See the UCL Press statistics dashboard

View our top 10 eBulletin articles from 2019

Our Academic Marketing Workshop is the place to be for more like this.

 


Orwell’s Politics and the English Language (1946) still resonates across the decades

This week marks the 70th anniversary of the death of George Orwell, which is a perfect excuse to revisit his 1946 essay, written in praise of precision and clarity and damning pomposity and vagueness.

For anyone struggling to write clear and compelling copy in plain English for specialist products, his words could have been written today. Here are a few examples:

“As soon as certain topics are raised, the concrete melts into the abstract and no one seems able to think of turns of speech that are not hackneyed: prose consists less and less of words chosen for the sake of their meaning, and more and more of phrases tacked together like the sections of a prefabricated hen−house.”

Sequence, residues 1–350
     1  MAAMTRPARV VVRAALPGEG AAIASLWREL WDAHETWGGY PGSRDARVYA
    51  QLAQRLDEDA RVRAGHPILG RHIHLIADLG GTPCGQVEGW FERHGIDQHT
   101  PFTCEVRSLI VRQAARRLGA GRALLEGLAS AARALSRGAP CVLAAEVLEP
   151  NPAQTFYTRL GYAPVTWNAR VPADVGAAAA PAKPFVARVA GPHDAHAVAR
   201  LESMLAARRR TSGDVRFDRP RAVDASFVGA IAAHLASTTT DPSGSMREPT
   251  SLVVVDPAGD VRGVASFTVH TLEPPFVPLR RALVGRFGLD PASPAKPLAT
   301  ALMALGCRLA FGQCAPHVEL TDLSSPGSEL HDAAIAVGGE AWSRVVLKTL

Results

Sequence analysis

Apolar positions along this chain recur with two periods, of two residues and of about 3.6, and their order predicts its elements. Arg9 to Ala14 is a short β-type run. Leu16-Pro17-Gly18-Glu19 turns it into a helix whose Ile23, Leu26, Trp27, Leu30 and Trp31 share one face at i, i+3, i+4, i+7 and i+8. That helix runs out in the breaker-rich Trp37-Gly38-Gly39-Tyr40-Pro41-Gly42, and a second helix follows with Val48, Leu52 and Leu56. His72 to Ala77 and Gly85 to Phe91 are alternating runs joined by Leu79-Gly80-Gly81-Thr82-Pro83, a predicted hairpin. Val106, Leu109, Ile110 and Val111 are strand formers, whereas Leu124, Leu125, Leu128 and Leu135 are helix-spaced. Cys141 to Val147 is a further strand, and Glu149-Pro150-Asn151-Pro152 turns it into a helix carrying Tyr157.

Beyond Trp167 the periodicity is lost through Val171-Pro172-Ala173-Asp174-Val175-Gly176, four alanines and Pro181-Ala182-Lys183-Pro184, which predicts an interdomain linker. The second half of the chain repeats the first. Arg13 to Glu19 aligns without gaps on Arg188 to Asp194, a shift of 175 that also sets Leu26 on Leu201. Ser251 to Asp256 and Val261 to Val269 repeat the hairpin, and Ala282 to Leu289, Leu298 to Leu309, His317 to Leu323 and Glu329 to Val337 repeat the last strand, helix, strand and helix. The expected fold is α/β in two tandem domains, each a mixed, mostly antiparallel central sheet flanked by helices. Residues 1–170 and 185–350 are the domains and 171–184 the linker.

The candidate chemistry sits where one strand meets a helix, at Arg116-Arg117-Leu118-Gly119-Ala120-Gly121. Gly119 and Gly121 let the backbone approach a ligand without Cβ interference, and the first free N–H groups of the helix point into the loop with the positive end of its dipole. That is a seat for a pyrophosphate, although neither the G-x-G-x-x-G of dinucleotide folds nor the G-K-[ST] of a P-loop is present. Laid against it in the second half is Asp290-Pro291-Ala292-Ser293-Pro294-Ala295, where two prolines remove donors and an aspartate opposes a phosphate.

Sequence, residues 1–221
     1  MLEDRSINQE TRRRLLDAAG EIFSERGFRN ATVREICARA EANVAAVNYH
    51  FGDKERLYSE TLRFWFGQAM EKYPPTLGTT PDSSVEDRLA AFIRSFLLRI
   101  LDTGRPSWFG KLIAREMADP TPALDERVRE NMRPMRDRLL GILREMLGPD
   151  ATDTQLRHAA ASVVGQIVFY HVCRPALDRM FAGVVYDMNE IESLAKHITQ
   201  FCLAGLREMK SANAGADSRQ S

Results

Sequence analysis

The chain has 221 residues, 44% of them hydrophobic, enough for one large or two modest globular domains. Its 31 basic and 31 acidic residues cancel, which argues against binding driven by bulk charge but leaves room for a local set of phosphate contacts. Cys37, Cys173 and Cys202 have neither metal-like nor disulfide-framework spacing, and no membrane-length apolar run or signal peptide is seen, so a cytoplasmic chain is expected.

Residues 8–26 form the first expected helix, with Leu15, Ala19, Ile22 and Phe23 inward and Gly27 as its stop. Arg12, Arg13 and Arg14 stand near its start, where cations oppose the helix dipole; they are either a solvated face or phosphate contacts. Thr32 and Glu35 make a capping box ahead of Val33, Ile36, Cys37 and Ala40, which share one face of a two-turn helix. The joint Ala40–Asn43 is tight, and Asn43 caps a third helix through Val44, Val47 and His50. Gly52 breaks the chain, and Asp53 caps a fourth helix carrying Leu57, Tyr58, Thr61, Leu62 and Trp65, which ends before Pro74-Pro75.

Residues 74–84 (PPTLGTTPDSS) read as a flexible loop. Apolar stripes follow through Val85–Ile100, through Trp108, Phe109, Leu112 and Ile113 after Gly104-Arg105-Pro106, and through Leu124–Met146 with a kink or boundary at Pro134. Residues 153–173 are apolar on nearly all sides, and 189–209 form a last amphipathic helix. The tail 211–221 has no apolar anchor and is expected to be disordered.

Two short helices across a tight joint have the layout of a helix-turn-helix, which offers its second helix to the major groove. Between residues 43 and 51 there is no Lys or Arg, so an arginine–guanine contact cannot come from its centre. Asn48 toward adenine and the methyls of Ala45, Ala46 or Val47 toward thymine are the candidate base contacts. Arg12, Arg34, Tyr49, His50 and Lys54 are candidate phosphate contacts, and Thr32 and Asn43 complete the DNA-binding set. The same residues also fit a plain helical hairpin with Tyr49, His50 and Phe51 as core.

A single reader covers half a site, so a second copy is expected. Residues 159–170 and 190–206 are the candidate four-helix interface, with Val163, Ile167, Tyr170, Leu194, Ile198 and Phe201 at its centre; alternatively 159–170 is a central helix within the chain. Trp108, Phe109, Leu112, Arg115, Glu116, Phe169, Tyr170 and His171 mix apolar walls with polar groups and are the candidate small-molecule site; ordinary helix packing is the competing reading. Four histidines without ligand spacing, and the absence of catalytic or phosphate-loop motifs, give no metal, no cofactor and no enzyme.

“In certain kinds of writing, particularly in art criticism and literary criticism, it is normal to come across long passages which are almost completely lacking in meaning.”

“As I have tried to show, modern writing at its worst does not consist in picking out words for the sake of their meaning and inventing images in order to make the meaning clearer. It consists in gumming together long strips of words which have already been set in order by someone else, and making the results presentable by sheer humbug.”

Each of these observations, and many others like them, are supported by examples too numerous to share here. The whole essay is only 6 pages long and richly rewarding for anyone writing copy who sometimes despairs of doing it well with the material with which they have to work (often ‘draft’ copy written by authors).

Read Politics and the English Language

Bring your tricky examples to one of our Copywriting Workshops and we’ll prove that it’s possible to re-write anything in a way which is easier to understand whilst still being appropriate. This course is a very popular in-company training day, why not ask about bringing it to your office?